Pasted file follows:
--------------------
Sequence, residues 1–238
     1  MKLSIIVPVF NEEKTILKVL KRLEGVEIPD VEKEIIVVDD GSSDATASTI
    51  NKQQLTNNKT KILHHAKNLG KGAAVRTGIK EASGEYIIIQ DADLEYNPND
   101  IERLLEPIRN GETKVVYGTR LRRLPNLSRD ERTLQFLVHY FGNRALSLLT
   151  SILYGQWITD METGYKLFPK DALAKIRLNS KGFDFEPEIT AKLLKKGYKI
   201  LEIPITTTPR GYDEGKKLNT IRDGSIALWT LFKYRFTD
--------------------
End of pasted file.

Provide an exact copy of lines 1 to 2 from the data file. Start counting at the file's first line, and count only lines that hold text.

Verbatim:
Sequence, residues 1–238
     1  MKLSIIVPVF NEEKTILKVL KRLEGVEIPD VEKEIIVVDD GSSDATASTI